Old structures are frequently modified to comply with current living standards and/or legislation. Such modifications may include the addition of new windows or doors and paths for ventilation and heating systems, all of which require openings to be cut into structural walls. However, effects of the required openings are not sufficiently understood. Thus, the objective of the work reported here was to analyze openings’ effects on the axial strength of large concrete wall panels. Three half-scaled walls with two opening configurations, corresponding to “small” and “large” door openings, were subjected to a uniformly distributed axial load with a small eccentricity. The results indicate that the 25% and 50% reductions in cross-sectional area of the solid wall caused by introducing the small and large openings reduced the load-carrying capacity by nearly 36% and 50%, respectively. The failure progression was captured using digital image correlation technique and the results indicated involvement of a plate mechanism rather than uniaxial behavior as adopted in current design codes. Using a simplified procedure, the load-carrying capacity was predicted using existing design models found in the research literature and design codes.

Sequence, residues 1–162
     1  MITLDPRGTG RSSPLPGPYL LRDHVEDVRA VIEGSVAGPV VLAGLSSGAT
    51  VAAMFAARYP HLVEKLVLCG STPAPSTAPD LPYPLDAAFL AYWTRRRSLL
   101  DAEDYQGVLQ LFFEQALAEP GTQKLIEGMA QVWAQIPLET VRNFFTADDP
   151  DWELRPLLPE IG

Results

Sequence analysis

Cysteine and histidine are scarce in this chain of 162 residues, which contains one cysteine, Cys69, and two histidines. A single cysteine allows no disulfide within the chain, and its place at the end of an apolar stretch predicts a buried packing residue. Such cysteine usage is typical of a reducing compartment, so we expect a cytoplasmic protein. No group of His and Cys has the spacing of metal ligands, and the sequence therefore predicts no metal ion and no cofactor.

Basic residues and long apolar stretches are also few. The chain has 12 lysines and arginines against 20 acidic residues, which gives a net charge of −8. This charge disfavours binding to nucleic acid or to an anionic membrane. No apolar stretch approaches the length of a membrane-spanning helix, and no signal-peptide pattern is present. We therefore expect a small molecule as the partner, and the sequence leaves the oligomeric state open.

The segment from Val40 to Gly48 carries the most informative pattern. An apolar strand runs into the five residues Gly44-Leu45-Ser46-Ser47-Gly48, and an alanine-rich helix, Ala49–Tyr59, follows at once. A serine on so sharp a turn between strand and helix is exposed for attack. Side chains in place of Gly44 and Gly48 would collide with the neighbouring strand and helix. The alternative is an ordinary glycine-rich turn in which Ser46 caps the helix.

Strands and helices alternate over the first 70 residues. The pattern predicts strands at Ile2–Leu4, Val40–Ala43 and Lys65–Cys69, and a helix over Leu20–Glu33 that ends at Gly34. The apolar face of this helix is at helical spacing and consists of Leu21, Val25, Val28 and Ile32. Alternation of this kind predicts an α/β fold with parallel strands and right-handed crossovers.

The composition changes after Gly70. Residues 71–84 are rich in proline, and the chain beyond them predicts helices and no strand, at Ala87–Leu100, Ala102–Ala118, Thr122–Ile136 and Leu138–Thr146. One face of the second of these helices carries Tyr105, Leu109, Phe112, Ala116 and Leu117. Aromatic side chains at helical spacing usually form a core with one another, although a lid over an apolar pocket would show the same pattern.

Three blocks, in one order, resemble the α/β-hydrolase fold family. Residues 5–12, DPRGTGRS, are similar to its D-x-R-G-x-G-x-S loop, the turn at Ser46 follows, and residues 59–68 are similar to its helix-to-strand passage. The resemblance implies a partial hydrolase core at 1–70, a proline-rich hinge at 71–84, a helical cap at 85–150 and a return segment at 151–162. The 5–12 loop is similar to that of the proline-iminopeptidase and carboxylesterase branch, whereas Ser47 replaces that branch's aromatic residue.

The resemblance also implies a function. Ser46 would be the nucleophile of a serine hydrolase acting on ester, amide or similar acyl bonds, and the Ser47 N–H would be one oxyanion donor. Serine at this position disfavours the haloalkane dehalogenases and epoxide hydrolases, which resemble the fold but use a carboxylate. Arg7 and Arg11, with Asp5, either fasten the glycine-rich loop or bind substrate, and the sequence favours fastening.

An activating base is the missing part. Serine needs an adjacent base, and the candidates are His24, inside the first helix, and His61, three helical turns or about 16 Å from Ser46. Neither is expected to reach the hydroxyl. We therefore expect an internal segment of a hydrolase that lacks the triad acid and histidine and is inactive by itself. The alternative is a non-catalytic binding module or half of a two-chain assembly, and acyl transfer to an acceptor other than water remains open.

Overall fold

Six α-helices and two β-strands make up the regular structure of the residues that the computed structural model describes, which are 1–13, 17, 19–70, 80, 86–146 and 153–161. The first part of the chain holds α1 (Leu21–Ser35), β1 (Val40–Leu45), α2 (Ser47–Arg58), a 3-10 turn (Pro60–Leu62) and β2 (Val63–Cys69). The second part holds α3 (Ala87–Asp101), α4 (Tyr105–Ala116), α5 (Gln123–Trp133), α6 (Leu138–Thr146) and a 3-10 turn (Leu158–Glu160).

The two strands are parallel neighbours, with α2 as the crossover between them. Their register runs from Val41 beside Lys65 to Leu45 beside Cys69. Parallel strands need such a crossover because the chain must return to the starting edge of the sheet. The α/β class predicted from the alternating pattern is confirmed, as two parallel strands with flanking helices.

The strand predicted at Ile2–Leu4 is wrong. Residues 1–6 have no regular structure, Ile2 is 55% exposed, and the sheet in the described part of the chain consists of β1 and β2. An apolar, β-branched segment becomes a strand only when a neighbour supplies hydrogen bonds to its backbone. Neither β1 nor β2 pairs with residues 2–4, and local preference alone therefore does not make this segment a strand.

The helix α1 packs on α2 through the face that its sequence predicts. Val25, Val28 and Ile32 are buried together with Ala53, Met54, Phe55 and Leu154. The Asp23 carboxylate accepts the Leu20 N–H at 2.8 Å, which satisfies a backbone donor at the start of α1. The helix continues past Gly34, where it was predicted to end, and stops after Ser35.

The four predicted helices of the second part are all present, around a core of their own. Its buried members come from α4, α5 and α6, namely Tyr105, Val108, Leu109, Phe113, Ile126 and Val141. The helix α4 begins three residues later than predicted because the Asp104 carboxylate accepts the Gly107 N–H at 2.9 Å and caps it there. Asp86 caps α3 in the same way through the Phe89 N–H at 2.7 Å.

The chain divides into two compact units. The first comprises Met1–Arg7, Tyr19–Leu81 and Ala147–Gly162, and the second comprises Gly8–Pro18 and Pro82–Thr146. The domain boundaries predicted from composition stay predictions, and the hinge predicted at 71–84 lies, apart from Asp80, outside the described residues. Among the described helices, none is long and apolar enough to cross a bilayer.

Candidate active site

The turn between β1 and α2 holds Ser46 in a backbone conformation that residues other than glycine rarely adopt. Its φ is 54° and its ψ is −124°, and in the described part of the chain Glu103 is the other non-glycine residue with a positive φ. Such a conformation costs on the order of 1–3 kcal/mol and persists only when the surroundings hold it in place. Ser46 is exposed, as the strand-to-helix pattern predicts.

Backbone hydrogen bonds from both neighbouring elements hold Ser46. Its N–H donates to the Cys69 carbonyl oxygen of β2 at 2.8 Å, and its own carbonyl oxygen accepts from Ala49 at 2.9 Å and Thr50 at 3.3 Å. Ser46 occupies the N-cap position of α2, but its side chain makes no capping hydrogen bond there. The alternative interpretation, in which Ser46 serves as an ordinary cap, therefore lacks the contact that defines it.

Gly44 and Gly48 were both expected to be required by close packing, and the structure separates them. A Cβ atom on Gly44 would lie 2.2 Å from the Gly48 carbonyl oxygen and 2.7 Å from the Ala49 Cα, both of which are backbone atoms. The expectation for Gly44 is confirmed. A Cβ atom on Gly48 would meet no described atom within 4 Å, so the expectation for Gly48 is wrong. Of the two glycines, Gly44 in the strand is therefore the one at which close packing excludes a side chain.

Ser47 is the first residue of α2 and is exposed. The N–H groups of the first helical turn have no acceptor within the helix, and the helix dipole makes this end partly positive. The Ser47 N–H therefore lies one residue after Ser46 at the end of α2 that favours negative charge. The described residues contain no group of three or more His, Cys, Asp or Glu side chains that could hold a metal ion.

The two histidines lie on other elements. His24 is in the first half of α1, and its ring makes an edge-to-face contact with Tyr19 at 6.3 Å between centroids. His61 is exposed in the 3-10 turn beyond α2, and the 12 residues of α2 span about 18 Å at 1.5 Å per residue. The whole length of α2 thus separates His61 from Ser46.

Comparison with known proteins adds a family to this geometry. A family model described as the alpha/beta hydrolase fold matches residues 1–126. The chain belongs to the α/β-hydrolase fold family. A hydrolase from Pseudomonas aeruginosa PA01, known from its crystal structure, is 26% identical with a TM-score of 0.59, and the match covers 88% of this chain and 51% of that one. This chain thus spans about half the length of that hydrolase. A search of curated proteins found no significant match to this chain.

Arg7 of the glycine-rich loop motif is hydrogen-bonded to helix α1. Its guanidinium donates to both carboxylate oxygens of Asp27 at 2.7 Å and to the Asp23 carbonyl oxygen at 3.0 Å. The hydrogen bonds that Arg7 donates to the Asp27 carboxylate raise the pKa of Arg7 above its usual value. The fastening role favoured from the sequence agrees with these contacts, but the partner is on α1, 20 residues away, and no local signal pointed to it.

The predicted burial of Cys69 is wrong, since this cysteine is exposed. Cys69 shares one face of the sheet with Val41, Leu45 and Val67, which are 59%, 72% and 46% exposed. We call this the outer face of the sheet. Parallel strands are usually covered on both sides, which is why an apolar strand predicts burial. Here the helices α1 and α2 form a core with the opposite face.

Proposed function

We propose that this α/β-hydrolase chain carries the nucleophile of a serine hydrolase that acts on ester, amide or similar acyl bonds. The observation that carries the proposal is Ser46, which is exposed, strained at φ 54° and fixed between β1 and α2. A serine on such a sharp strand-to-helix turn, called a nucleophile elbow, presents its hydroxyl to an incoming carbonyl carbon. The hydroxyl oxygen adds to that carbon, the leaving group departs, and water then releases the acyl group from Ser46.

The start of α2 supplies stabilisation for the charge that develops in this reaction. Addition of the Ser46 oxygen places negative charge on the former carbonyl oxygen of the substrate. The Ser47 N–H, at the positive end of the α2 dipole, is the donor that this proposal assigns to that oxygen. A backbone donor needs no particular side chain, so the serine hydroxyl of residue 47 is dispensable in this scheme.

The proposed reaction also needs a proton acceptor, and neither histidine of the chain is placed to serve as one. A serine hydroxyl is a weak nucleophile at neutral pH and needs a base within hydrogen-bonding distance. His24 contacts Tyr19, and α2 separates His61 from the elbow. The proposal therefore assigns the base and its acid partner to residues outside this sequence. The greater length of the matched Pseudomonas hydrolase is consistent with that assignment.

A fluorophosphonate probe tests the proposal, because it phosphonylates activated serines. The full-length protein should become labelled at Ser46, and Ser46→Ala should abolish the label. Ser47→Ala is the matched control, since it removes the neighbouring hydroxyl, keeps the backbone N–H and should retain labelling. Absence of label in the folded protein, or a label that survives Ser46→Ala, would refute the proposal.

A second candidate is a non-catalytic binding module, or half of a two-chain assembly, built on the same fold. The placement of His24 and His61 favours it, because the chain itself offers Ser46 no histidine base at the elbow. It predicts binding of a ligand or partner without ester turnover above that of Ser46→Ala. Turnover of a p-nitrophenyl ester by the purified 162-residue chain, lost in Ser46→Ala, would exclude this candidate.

National Category
Infrastructure Engineering
Research subject
Structural Engineering
Identifiers
urn:nbn:se:ltu:diva-13543 (URN)10.1061/(ASCE)ST.1943-541X.0001558 (DOI)000386366600008 ()2-s2.0-84991677088 (Scopus ID)cc593011-a98a-471f-9ff8-ca86152f99d9 (Local ID)cc593011-a98a-471f-9ff8-ca86152f99d9 (Archive number)cc593011-a98a-471f-9ff8-ca86152f99d9 (OAI)
Note

Validerad; 2016; Nivå 2; 2016-11-08 (andbra)

Available from: 2016-09-29 Created: 2016-09-29 Last updated: 2018-09-18Bibliographically approved
5. Local and global behavior of walls with cut-out openings in multi-story reinforced concrete buildings
Open this publication in new window or tab >>Local and global behavior of walls with cut-out openings in multi-story reinforced concrete buildings
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2019 (English)In: Engineering structures, ISSN 0141-0296, E-ISSN 1873-7323, Vol. 187, p. 57-72Article in journal (Refereed) Published
Abstract [en]